Tuesday, 10 August 2021 13:06

Bipartisan Infrastructure Bill Passes Senate, Faces Battle in House

Written by Jack Birle, The Center Square


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The Senate passed the bipartisan infrastructure bill after months of negotiations, setting the stage for the bill to be debated in the House.

With Vice President Kamala Harris presiding over the vote, the bill easily passed through the Senate with a 69-30 vote. All 30 nay votes came from Republican senators.


The $1.2 trillion bill would fund improvements to roads, bridges, broadband internet, railways and other forms of infrastructure. The bill allocates approximately $550 billion in new spending toward infrastructure projects.


“It's been a long and winding road but we have persisted and now we have arrived. There were many logs in our path, detours along the way, but the American people will now see the most robust injection of funds into infrastructure in decades,” said Senate Majority Leader Chuck Schumer, D-NY, on the Senate floor prior to the vote.


Despite a new report from the Congressional Budget Office which estimated the bill would add $256 billion to the deficit over a period of 10 years, Republican support for the bill remained strong. On Aug. 10, 19 Republican senators, including Senate Minority Leader Mitch McConnell, R-KY, voted to move the bill forward. McConnell spoke on the issues with the bill while still supporting it on the Senate floor Aug. 7.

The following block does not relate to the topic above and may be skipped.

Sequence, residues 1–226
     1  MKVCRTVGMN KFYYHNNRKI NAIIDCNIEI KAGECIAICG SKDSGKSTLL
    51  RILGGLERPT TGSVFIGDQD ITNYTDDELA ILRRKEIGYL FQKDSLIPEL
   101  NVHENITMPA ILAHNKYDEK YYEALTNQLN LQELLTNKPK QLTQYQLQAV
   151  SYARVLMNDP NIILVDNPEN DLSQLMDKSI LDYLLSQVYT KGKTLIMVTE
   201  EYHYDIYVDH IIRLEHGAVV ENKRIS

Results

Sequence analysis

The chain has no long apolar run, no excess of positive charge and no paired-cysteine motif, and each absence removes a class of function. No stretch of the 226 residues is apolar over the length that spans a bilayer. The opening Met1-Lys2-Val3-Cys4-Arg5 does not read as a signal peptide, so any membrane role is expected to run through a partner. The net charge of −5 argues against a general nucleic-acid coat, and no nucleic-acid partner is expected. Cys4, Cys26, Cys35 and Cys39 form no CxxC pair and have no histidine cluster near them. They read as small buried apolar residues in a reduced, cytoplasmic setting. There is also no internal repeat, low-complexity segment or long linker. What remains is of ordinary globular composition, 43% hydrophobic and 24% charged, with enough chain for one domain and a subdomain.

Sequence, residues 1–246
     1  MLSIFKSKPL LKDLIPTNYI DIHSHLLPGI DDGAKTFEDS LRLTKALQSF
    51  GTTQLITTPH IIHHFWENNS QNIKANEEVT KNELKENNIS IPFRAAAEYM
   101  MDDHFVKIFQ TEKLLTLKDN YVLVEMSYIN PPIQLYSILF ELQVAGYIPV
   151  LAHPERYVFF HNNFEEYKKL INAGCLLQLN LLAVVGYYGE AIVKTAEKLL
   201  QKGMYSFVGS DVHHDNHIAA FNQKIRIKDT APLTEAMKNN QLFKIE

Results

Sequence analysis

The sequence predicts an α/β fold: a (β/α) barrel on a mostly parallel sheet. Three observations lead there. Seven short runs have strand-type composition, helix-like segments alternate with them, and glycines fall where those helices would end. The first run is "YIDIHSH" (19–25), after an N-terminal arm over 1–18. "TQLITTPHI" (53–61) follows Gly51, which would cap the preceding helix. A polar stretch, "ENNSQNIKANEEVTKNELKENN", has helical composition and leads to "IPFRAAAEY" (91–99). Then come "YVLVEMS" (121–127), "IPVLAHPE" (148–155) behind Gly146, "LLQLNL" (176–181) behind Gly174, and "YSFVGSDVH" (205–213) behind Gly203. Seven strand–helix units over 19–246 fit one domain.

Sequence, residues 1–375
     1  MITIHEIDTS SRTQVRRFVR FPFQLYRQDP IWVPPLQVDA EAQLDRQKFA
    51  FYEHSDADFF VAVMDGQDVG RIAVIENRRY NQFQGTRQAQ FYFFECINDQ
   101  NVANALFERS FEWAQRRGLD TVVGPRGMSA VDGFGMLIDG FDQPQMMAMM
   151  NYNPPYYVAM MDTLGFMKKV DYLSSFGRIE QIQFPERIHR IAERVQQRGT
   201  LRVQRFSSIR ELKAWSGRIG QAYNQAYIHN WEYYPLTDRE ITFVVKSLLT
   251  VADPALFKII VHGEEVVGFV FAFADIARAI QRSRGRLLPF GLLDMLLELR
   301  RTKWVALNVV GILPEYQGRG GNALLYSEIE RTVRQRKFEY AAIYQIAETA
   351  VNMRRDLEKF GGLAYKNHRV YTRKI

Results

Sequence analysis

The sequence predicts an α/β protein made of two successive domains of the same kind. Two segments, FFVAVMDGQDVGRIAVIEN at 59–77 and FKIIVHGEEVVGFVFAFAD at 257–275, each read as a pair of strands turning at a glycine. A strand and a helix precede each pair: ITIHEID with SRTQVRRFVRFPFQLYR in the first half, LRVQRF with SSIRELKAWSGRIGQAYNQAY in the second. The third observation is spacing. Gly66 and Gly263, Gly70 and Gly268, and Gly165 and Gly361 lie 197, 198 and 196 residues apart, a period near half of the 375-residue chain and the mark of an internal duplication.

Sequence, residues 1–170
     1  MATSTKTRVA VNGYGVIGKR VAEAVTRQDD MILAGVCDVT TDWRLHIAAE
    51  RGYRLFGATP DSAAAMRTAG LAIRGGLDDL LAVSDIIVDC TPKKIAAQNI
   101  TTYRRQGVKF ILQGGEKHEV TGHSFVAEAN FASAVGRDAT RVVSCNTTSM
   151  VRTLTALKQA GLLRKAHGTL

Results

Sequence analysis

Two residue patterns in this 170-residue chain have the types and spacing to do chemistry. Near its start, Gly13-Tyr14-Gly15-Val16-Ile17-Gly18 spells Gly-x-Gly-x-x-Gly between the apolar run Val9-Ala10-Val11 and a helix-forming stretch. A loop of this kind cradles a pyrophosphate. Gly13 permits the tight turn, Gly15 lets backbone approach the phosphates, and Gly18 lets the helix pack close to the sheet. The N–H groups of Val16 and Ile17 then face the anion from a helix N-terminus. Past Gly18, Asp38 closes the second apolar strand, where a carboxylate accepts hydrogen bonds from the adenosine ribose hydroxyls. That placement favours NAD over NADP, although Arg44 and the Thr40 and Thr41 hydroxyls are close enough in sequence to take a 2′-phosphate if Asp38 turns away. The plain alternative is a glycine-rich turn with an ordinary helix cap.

“Like I have said before, I am quite confident that out of 100 United States senators, there are 100 of us who believe the bill is imperfect,” McConnell said. “This is a compromise product crafted by colleagues with big, principled differences and…in a Senate with the narrowest possible split.”


One of the members of the initial bipartisan negotiating group, Sen. Mitt Romney, R-Utah, defended the bill, specifically after the Congressional Budget Office report.


“The Congressional Budget Office has scored about one half of it as being paid for under their rules," he said. "The other half is also paid for by real dollars. Not the way CBO scores it under their rules but just as real. Sometimes, for instance, a pile of funding, a pile of cash, has been previously allocated and not used. And so it goes back to the treasury and the CBO says we can't score that because it's already been appropriated once.”


Some Republicans opposed the bill citing...

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